Here’s the flip side to my last post. Here’s what makes this job worthwhile.
Yesterday, an autistic child whose average attention span is about 30 seconds curled up next to me on the couch and let me read almost 30 pages of “The Reason I Jump” out loud.
Yesterday, a girl who generally insists on my undivided attention and loses her temper at the drop of a hat let her sister select several songs in a row without resorting to violence.
Yesterday, a mother who is very strict and concerned with appearances in public lay down on the bedroom floor with her son to cuddle. They were both smiling blissfully.
Yesterday, a parent apologized for interrupting a disabled child’s conversation.
Today, I watched an autistic child tolerate, with good humor, the fumbling attempts of an ABA tech to engage in play-based interaction. The parents are being patient, hoping that they can teach the neurotypical tech how to better interact with autistic children. The kid is being a good sport about it– probably better than I would have been. I think this also answers my question about whether ABA can be totally benign: yes, so long as the family knows what boundaries to set and teaches the kid not to take it too seriously.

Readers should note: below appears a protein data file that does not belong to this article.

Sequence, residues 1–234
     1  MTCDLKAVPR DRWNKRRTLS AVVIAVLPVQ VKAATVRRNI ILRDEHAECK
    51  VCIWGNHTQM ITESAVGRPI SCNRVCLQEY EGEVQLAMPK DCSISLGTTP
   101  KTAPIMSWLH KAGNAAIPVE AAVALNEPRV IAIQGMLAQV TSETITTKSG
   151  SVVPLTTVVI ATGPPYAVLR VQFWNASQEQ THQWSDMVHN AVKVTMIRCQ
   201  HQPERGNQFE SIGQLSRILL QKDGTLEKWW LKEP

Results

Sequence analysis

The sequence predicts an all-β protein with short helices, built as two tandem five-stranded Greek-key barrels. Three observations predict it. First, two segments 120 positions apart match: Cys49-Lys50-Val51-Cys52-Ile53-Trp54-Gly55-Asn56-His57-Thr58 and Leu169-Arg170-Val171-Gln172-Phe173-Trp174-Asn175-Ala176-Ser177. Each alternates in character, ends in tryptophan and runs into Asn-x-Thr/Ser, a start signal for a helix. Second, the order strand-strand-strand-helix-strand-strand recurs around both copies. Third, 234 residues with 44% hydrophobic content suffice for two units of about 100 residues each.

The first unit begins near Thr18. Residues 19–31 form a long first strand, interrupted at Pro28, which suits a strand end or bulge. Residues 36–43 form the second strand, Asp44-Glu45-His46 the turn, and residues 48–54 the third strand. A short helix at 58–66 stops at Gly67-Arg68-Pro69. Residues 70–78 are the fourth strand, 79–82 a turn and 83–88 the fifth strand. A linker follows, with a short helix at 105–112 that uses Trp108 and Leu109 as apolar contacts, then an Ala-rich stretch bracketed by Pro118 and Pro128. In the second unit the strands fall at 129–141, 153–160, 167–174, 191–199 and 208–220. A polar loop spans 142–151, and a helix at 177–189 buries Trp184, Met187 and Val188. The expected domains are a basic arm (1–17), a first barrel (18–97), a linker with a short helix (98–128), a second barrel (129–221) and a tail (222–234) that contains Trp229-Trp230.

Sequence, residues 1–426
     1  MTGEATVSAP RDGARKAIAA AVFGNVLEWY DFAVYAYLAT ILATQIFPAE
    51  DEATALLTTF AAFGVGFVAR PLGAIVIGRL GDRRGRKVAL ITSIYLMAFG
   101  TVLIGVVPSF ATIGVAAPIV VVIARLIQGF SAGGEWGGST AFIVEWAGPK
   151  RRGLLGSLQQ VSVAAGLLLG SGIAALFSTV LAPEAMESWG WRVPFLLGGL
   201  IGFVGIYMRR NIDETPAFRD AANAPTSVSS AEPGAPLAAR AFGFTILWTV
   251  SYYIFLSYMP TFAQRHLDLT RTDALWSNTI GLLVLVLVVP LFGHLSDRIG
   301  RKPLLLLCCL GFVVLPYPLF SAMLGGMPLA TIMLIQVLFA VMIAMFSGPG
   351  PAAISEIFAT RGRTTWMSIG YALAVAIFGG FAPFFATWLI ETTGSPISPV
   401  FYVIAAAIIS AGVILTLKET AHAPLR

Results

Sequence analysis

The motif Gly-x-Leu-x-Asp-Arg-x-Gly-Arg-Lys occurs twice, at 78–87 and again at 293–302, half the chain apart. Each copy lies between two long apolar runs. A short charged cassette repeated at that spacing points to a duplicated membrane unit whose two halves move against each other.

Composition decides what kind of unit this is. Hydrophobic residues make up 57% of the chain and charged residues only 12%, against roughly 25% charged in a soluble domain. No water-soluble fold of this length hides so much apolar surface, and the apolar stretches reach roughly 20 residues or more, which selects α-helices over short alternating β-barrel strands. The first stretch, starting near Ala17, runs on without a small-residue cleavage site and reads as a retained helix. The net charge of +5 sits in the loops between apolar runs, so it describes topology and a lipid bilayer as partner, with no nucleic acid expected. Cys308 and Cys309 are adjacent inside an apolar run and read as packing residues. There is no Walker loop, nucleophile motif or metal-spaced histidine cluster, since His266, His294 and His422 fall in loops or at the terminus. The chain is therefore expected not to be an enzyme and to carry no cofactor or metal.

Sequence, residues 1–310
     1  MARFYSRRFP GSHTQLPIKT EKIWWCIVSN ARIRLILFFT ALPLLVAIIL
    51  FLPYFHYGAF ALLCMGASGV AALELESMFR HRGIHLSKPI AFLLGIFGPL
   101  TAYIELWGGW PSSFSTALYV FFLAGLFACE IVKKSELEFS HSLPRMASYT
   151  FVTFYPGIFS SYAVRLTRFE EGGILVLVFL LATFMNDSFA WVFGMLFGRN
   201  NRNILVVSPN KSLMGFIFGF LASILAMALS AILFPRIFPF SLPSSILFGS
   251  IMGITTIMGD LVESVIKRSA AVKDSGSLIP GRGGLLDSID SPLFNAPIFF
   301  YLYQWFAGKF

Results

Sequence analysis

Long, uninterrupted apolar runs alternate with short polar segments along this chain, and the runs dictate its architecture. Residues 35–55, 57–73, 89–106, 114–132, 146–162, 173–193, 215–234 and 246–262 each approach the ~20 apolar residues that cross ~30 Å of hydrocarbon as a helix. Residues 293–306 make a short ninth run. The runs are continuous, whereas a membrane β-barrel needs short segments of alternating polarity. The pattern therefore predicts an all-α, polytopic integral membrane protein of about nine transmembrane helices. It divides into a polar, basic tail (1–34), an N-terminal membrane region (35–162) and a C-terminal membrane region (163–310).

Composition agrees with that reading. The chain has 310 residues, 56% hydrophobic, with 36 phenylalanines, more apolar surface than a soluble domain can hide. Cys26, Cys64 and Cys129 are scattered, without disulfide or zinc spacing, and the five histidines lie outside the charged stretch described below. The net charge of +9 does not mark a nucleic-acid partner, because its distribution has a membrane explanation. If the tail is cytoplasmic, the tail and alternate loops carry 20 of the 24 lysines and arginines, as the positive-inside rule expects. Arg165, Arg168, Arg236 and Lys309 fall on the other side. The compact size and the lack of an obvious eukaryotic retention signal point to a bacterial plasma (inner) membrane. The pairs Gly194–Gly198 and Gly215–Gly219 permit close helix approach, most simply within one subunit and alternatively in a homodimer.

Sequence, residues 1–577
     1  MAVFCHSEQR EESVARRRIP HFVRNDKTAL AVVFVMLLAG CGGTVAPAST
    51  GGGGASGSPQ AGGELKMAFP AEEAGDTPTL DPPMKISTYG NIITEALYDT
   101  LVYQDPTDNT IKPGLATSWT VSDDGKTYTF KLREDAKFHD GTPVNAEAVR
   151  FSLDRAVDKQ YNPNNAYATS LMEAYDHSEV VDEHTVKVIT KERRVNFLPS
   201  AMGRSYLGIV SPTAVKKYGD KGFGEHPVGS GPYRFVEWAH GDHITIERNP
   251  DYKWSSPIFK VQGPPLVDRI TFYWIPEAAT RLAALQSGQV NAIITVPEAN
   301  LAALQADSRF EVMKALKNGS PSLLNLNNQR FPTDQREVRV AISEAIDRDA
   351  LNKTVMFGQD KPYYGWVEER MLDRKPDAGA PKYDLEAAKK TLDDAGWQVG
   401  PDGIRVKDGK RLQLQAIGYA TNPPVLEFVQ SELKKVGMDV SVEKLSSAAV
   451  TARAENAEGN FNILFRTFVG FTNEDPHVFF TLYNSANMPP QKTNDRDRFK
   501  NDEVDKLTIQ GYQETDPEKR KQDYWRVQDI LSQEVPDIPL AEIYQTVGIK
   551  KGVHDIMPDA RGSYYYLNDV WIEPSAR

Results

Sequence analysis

Today, a mother felt renewed hope for her child’s future.
Today, the most profoundly autistic child on my roster did so many things I’ve never seen before that I stopped counting. Among them: voluntarily paid attention to something an adult was showing him, used the toilet without prompting, calmly tolerated multiple adults conversing in his presence, shared a trampoline and eye contact with another child, and held a vocal (though not verbal) conversation with the same child.
Should I call these small miracles? Small miracles can be huge. In fact, they are everything.